This Week’s Awesome Tech Stories From Around the Web (Through July 22)


Google Tests AI Tool That Is Able to Write News Articles
Benjamin Mullin and Nico Grant | The New York Times
“Google is testing a product that uses artificial intelligence technology to produce news stories, pitching it to news organizations including The New York Times, The Washington Post and The Wall Street Journal’s owner, News Corp, according to three people familiar with the matter. The tool, known internally by the working title Genesis, can take in information—details of current events, for example—and generate news content, the people said, speaking on the condition of anonymity to discuss the product.”


Cerebras Introduces Its 2-Exaflop AI Supercomputer
Samuel K. Moore | IEEE Spectrum
i‘Generative AI is eating the world.’ That’s how Andrew Feldman, CEO of Silicon Valley AI computer maker Cerebras, begins his introduction to his company’s latest achievement: An AI supercomputer capable of 2 billion billion operations per second (2 exaflops). …The Silicon Valley company plans to keep adding Condor Galaxy installations next year until it is running a network of nine supercomputers capable of 36 exaflops in total.”


First Successful Robotic Liver Transplant Performed in the US
Bronwyn Thompson | New Atlas
“The hospital has been focused on developing this cutting-edge technology in order to minimize the invasiveness of surgery and in turn deliver much better recovery times and outcomes for patients. The surgeons have completed more than 30 kidney transplants, and other procedures involving bile ducts, the pancreas and stomach, using the robotics system, but this is their—and the nation’s—first liver transplant.”


Thousands of Authors Ask AI Chatbot Owners to Pay for Use of Their Work
Talal Ansari | The Wall Street Journal
” ‘Millions of copyrighted books, articles, essays, and poetry provide the ‘food’ for AI systems, endless meals for which there has been no bill,’ the letter [signed by more than 8,000 authors and published by the Author’s Guild] says. ‘You’re spending billions of dollars to develop AI technology. It is only fair that you compensate us for using our writings, without which AI would be banal and extremely limited.’ ”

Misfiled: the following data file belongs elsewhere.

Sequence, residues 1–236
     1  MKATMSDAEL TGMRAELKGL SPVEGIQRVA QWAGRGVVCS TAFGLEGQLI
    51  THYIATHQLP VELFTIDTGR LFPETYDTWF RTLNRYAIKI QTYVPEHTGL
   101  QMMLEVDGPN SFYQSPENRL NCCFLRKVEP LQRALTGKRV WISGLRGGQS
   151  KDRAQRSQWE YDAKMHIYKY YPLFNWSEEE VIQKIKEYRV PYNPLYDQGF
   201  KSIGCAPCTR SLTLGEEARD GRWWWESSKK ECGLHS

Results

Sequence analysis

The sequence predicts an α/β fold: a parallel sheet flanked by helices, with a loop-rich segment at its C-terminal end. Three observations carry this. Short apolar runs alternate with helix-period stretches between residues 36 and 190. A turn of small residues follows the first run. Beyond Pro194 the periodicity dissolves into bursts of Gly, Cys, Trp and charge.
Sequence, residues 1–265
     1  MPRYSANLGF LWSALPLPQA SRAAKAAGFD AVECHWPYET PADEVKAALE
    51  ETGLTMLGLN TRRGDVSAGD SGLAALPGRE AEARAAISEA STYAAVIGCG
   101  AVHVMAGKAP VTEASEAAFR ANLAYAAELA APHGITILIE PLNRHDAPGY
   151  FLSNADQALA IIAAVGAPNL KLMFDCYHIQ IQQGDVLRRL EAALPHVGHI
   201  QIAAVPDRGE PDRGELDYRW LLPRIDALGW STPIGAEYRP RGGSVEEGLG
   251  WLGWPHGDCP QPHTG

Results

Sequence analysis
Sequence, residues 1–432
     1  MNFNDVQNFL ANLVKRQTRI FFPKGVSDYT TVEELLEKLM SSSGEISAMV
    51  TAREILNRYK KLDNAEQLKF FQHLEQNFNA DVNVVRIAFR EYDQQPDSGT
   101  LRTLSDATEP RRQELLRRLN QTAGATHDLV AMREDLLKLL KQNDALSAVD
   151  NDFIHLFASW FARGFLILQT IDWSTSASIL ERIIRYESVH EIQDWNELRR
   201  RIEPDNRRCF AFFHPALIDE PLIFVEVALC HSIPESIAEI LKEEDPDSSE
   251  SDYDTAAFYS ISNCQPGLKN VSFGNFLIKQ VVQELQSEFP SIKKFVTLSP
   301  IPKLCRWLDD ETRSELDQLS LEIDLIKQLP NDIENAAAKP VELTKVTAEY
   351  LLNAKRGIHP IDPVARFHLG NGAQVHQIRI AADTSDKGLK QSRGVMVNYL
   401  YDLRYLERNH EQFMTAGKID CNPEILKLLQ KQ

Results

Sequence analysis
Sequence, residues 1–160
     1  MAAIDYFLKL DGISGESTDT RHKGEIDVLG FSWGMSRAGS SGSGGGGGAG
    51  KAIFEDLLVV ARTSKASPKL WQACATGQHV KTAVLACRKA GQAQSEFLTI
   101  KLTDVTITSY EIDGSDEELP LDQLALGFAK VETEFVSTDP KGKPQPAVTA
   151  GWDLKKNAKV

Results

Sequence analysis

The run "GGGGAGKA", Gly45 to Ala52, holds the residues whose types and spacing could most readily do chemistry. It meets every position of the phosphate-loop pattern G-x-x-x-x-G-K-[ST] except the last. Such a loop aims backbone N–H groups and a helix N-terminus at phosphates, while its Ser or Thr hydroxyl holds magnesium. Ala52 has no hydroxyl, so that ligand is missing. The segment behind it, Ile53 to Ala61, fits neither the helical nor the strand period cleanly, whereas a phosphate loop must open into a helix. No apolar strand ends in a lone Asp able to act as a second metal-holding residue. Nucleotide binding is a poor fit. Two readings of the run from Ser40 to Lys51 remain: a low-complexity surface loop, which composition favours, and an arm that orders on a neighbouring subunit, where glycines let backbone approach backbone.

Meta’s Latest AI Model Is Free for All
Melissa Heikkilä | MIT Technology Review
“Meta is going all in on open-source AI. The company is today unveiling LLaMA 2, its first large language model that’s available for anyone to use—for free. …[The company] has been in the slow lane. In February when competitors Microsoft and Google announced their  AI chatbots, Meta rolled out the first, smaller version of LLaMA, restricted to researchers. But it hopes that releasing LLaMA 2, and making it free for anyone to build commercial products on top of, will help it catch up.”


‘It Was As If My Father Were Actually Texting Me’: Grief in the Age of AI
Aimee Pearcy | The Guardian
“For all the advances in medicine and technology in recent centuries, the finality of death has never been in dispute. But over the past few months, there has been a surge in the number of people sharing their stories of using ChatGPT to help say goodbye to loved ones. They raise serious questions about the rights of the deceased, and what it means to die.”


Fervo Heralds a Revolution in Geothermal Power Technology
Loz Blain | New Atlas
“Fervo’s ‘next-generation geothermal’ technology has proven itself in testing, becoming the most productive enhanced geothermal plant in history. The company hopes its approach will radically expand access to clean energy, like shale did for oil. [Its] first full-scale commercial pilot, Project Red in Nevada, is the first time a geothermal project has ever drilled a horizontal pair of bores, extending some 3,250 ft (990 m) laterally. …It produces 3.4 megawatts of power, or about enough to power 500 US homes.”


Gene-Edited Yeast Is Taking Over Craft Beer
Anna Kramer | Wired
“Craft brewers are falling in love with genetically modified yeast strains that help them inject new creativity and flavor into beers, including bursts of pineapple and guava …Craft brewers across the US have switched from traditional yeasts to Berkeley strains for some, and sometimes all, their beers. Berkeley declines to share numbers, but six craft brewers told WIRED that everyone they know in the trade is either using the startup’s strains or considering it.”

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Brain Scans Are Putting a Major Theory of Consciousness to the Test
Clare Wilson | New Scientist
“Brain scans taken as people slip into anesthesia are offering support for one of the foremost explanations of consciousness. The approach may lead to progress in understanding the brain as well as new ways to test awareness in people with medical conditions of consciousness, such as those in a vegetative state after head injuries.”

Image Credit: eberhard grossgasteiger / Unsplash 

Singularity Hub Staff
Singularity Hub Staff
Singularity Hub chronicles technological progress by highlighting the breakthroughs and issues shaping the future as well as supporting a global community of smart, passionate, action-oriented people who want to change the world.
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